Spring is here and summer is approaching fast. The blooms are coming out in full force and if nothing else, historical homes are known for their gardens. Take a walk through any historic neighborhood in Virginia and you will see Dogwoods, Cherry Blossoms, and even some old Magnolia Trees. In my opinion, Virginia is one of the most awe-inspiring states because of its mountains, streams, lakes, and ocean front as well as it’s historic areas and modern areas. There is something for everyone in the state and it has more than its share of history.
Garden Weeks and More
As I mentioned, historic homes usually have beautifully planned out gardens that beckon to a time past. Throughout the state, there are garden weeks hosted by Garden Clubs where you can have a chance to stroll through the wonderous sites and smells of gardens all around. Usually just a small fee, it grants you access to all gardens participating and while you might not be able to make all of them around the state, you should be able to go to quite a few local or take a day trip somewhere like Richmond to enjoy many in a small local.
Gardens for Everyone
By viewing garden week, you have a chance to see a multitude of different gardening styles that dot Virginia. For example, Jefferson’s estate once grew about 105 different species of flowers! Besides flowers, there are other styles that might suit you more. There are the basic vegetable gardens and herb gardens of course, but if you want something a little bit more, there are other types too! Two of my favorites that have been around the longest are below.
- Greenhouse Gardens: once considered the pinnacle of wealth in historical homes, they are amazing for growing plants effectively throughout the seasons.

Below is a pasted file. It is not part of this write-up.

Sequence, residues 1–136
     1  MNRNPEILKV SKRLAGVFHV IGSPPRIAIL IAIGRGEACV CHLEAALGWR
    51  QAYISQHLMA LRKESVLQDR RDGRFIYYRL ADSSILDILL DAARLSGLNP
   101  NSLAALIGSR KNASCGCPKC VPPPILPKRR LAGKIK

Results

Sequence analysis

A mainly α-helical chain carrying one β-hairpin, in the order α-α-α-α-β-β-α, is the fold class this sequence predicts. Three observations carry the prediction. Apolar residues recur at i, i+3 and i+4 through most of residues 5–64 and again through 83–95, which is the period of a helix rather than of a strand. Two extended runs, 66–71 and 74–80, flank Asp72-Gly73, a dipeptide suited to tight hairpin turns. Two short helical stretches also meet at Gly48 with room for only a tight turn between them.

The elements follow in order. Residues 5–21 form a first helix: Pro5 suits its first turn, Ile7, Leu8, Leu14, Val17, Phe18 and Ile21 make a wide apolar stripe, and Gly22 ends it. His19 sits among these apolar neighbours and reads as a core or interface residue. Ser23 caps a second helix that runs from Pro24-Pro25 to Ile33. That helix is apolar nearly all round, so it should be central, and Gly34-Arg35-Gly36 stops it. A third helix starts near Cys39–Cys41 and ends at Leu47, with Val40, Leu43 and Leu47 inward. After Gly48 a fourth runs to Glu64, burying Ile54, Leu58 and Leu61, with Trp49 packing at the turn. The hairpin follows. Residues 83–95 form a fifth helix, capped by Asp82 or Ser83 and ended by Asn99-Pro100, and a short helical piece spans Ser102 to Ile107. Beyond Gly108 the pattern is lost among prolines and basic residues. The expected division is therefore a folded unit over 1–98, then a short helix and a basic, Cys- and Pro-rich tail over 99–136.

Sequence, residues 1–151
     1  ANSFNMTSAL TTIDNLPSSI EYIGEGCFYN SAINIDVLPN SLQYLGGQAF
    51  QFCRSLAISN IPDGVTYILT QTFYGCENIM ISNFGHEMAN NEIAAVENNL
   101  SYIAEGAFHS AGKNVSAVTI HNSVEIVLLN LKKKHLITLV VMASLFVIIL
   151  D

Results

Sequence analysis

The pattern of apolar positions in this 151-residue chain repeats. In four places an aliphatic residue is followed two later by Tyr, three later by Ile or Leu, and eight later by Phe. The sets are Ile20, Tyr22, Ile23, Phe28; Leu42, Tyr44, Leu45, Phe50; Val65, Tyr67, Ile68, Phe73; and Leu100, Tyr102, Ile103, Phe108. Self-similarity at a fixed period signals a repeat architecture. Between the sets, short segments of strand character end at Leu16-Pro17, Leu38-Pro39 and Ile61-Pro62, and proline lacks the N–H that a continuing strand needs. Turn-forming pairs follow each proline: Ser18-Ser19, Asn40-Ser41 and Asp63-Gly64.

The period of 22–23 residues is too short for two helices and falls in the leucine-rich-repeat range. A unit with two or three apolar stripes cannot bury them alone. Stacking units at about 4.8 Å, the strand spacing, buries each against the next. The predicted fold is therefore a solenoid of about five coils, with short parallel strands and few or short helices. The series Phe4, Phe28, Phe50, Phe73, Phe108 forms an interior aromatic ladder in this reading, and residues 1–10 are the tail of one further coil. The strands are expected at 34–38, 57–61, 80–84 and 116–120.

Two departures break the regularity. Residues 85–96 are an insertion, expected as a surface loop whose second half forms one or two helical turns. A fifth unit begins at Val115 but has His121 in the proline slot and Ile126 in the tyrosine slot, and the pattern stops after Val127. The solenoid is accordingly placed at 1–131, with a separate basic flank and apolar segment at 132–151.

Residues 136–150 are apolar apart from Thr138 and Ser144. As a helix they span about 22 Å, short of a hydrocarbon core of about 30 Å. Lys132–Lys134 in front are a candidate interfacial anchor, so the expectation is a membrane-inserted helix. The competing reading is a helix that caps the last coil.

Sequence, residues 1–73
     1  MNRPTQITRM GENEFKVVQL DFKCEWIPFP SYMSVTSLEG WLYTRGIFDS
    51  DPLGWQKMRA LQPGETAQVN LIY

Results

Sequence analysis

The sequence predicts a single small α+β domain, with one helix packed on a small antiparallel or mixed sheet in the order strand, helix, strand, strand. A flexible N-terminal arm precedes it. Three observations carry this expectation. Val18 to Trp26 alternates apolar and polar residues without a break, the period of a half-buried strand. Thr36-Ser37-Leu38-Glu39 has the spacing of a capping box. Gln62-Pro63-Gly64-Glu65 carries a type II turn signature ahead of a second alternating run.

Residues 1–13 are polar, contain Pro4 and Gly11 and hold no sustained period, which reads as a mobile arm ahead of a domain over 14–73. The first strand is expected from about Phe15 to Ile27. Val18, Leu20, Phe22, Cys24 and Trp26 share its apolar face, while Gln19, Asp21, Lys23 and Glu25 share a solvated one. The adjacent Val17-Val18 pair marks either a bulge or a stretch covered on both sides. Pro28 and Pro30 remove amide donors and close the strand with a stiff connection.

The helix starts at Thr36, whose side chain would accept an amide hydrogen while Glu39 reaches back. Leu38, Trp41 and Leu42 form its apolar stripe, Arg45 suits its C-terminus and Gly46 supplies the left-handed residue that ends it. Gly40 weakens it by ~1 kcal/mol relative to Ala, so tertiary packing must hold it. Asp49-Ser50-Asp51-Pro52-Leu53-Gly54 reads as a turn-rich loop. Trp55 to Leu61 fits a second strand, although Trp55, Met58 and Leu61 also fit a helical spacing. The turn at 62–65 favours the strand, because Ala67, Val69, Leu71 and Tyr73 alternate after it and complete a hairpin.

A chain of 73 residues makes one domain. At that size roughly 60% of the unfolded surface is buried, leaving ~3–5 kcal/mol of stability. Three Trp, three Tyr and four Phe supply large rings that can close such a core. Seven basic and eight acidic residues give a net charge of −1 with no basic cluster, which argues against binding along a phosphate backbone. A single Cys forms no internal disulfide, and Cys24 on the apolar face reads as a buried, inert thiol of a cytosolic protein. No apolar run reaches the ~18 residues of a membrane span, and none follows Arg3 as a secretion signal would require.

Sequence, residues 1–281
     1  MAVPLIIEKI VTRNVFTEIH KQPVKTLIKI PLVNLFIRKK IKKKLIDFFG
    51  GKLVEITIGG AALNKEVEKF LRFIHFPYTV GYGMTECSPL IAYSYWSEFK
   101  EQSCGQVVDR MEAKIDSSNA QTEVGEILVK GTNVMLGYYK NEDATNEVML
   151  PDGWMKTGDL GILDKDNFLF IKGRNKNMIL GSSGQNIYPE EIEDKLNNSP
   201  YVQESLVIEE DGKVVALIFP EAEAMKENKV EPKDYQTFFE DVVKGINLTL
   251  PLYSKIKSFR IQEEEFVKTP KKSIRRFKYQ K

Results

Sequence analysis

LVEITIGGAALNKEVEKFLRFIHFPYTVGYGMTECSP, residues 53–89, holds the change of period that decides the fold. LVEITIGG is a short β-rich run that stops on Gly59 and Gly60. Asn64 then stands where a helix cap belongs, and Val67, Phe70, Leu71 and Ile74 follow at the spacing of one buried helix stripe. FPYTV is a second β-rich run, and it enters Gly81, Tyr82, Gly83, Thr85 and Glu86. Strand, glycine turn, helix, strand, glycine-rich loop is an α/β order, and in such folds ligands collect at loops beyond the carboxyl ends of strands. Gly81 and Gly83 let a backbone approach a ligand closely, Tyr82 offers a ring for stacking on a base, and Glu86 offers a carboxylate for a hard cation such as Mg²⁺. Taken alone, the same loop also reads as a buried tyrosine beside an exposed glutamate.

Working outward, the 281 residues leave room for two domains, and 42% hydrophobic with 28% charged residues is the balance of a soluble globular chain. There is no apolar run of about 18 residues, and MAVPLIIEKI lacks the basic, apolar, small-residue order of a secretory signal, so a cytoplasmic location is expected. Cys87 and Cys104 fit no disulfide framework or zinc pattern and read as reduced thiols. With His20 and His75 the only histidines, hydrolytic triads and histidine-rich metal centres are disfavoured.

- English garden: after becoming popular in the early 18th century in England, it spread across Europe as well as the US, especially in Virginia. English gardens usually include a water feature as well as rolling lawns set against well-landscaped trees and shrubs. In a way it a utopian look at nature where everything has a place and is organized.
Beautiful and Historic… Trees?
Another wonderful bonus about historical neighborhoods and homes is that they have many mature trees. I feel large old trees are often overlooked as so many of the trees we see in new neighbors are practically saplings compared to trees in historic areas. I’m not talking the great Redwoods in California, I’m talking trees such as the Tulip Poplar trees, like those that tower over Monticello or the Cherrybark Oaks and Willow Oaks that are found throughout the state. Sitting in the shade of a large tree on a hot afternoon is quite a treat and one that shouldn’t be denied.
Historical homes have so much to offer inside and out. The attention to detail be it the indoor crown molding or the outdoor terrace or gardens is a lot to keep up but it’s so worth the time and work to bring beauty back to an older home.